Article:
The mental health and wellness movement has become a much needed conversation among Gen Z’ers worldwide. With the seasons changing, many Zillennials are going to experience seasonal depression. Social media opened many eyes to the various mental health resources in the world to help the next generation express their needs.
According to Mental Health America, Over half (54.7 percent) of adults with a mental illness do not receive treatment, totaling over 28 million individuals. Since society’s shift due to the pandemic, many people are starting to understand the importance of physical and mental health.
Wellness has become an everyday concern when discussing the well-being of Gen Z and finding better resources. In 2023 data, Almost a third (28.2 percent) of all adults with a mental illness reported not receiving the needed treatment. 42 percent of adults with AMI reported they could not receive necessary care because they could not afford it.
Throughout the years, there’s been an evolution of access regarding mental health. Even though the discussion isn’t where it needs to be, the growth and resources are still commendable. The process starts with a sense of community, so here’s a curated list of mental health resources.
Black Mental Wellness
The Black Mental Wellness organization is surrounded by credible and resourceful data and information on new findings on mental health within the community. There are several opportunities for training students who want to be a part of the next generation of mental health advocates.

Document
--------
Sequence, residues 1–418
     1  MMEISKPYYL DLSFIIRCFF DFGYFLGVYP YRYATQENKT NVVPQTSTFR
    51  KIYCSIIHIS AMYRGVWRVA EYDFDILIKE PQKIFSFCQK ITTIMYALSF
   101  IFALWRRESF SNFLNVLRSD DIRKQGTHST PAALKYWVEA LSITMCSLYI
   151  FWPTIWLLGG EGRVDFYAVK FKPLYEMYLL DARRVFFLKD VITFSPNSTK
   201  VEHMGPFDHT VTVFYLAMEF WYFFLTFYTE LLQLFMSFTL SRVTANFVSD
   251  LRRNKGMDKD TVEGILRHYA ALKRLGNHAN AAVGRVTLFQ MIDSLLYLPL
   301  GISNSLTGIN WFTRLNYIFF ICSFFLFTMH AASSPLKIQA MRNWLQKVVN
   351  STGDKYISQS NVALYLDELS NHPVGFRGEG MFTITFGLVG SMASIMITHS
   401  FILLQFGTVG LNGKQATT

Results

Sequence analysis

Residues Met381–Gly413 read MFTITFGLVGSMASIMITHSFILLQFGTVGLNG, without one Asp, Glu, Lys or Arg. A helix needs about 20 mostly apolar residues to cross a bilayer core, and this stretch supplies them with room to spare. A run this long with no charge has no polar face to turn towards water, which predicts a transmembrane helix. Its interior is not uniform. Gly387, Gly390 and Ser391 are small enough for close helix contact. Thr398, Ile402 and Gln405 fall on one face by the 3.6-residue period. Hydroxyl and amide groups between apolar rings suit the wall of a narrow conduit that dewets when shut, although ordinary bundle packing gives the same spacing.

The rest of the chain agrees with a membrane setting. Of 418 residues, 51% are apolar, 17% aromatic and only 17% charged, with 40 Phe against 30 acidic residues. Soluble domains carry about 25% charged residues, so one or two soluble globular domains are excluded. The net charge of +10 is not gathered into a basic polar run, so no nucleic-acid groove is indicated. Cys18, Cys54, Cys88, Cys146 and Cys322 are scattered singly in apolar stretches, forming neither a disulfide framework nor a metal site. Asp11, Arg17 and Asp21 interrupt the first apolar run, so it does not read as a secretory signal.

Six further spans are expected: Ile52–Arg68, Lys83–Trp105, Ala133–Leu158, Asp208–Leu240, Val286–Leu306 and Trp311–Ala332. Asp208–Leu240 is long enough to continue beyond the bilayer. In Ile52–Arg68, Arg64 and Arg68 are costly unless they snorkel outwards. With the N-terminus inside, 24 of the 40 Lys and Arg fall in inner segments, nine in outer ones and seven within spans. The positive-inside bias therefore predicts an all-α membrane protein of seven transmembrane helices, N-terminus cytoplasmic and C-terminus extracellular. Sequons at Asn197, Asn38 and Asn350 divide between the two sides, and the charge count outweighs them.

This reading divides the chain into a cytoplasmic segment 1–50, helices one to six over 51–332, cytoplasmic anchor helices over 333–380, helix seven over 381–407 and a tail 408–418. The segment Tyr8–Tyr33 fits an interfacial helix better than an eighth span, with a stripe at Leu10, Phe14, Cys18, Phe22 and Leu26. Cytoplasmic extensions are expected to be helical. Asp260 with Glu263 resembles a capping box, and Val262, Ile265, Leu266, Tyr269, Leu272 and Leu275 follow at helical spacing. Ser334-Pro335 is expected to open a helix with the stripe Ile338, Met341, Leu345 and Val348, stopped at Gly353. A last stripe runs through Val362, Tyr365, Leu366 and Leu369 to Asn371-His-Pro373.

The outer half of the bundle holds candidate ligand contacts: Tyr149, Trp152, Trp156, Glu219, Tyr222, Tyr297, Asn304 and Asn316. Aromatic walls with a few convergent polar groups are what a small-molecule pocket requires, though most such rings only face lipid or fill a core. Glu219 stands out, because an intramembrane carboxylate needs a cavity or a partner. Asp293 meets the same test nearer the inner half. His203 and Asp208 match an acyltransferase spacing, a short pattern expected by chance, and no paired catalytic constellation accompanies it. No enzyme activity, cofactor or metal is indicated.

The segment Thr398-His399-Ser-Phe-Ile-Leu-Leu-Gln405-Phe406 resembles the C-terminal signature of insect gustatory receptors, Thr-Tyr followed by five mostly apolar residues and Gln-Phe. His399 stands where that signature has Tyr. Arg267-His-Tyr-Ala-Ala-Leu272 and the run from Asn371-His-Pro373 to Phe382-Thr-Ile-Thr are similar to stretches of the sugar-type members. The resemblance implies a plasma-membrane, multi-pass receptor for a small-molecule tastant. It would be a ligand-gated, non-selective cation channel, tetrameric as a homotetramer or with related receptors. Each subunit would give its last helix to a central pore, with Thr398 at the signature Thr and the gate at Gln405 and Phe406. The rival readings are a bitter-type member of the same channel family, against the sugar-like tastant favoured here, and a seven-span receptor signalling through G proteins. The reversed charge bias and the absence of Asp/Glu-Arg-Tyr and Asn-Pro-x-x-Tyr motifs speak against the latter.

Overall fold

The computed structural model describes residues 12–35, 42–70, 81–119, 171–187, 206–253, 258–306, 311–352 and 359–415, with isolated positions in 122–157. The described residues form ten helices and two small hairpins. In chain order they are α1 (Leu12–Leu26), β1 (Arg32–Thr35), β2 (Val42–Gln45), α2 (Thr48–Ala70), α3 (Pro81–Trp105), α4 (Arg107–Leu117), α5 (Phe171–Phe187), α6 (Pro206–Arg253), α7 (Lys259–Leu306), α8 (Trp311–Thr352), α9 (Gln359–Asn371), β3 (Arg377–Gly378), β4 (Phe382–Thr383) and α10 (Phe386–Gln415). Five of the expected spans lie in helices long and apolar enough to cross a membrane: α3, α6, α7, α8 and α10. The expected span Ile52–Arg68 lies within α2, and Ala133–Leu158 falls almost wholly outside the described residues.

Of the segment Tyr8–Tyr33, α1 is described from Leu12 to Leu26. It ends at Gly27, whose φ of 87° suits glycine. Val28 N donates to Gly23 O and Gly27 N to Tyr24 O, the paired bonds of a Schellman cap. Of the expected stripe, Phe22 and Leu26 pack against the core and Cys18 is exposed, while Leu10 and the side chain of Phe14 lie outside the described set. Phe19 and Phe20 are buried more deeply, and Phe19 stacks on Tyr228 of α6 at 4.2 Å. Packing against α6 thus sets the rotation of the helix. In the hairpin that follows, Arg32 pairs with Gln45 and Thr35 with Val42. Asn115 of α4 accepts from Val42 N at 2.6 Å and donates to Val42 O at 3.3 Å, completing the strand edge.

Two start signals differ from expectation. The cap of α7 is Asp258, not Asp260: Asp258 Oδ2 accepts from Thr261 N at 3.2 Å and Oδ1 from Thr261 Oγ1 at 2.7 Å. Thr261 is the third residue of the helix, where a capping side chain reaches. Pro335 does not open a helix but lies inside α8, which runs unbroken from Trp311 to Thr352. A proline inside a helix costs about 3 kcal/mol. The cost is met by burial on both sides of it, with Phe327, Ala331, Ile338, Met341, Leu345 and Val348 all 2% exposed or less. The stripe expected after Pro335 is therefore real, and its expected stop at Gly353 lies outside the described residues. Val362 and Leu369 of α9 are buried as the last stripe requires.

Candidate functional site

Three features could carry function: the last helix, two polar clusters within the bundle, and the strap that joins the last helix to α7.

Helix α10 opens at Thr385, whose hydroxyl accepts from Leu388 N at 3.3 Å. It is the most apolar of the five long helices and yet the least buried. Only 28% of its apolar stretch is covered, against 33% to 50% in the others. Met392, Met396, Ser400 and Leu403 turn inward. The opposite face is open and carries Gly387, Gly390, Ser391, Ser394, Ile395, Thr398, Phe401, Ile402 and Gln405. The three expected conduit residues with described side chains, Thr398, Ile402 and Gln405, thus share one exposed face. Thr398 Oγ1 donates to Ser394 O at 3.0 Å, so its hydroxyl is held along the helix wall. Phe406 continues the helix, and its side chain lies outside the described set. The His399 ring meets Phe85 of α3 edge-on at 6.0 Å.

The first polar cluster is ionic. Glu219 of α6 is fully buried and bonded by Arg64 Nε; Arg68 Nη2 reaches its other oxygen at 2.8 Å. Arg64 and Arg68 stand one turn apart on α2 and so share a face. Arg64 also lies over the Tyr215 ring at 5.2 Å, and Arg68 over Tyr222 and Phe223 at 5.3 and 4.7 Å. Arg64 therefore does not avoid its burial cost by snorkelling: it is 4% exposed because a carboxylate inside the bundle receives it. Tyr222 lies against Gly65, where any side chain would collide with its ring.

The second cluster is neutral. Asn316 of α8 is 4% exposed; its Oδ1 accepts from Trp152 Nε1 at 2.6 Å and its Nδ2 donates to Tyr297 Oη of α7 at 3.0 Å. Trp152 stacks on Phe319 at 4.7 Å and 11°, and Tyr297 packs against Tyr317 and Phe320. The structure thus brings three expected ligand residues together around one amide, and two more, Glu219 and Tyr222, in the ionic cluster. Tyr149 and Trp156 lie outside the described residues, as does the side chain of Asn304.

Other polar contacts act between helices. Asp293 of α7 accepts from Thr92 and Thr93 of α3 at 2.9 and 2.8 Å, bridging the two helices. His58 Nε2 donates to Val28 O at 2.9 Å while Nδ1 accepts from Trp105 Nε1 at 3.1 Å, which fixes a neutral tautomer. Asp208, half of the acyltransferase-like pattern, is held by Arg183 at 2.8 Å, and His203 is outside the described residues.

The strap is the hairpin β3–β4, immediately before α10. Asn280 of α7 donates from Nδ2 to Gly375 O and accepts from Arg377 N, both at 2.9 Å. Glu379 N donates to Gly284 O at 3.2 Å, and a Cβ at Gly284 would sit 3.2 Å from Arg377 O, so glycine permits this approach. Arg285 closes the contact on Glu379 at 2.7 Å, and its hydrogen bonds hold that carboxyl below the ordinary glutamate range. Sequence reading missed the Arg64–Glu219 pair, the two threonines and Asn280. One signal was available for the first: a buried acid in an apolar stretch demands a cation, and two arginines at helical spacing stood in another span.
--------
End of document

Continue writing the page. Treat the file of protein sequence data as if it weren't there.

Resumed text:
Dear Black Women Project
Florence Noel founded the Dear Black Women Project, which is a space for self-expression and a safe space started by Black women. The organization allows women to unite for organic and necessary mental health conversations in an ever-changing society.n
Balanced Black Girl
Although the platform launched in 2018 it still serves as an outlet for Black women to find new like-minded people, experts and gurus to answer any questions. The organization views things through all perspectives to understand emotional, physical, social, and spiritual wellness.
Transparent Black Girl
The Transparent and Black collective was born from the discussion surrounding safe spaces and the need for healing in marginalized communities through breaking intergenerational curses and trauma. Founded by Yasmine Jameelah, she saw a need for more conversations around recovery and mental health.
Therapy For Black Girls
Dr. Joy Harden Bradford is a licensed psychologist who created the Therapy For Black Girls platform as a way to make mental health topics more relevant in her community. Earlier in her career there were spaces that weren’t inclusive to Black women, and this platform helped catapult more inclusion in mental health spaces.
Black Female Therapists
Despite the negative standards against Black women’s mental health, there is still a need for more platforms to help them find the right therapist. This platform allows first-timers or seasoned advocates to find new experts and specialists to help them.
National Queer And Trans Therapists of Color Network
National Queer and Trans Therapists of Color Network is a justice organization surrounded by healing and actively working to improve mental health for queer and trans Black, Indigenous and people of color.
About Kenyatta: Clark Atlanta University and Medill School alumna Kenyatta Victoria is the Girls United writer covering everything from news, pop culture, lifestyle, and investigative stories. When not reporting, she’s diving deep into her curated playlists or binging her favorite comfort shows.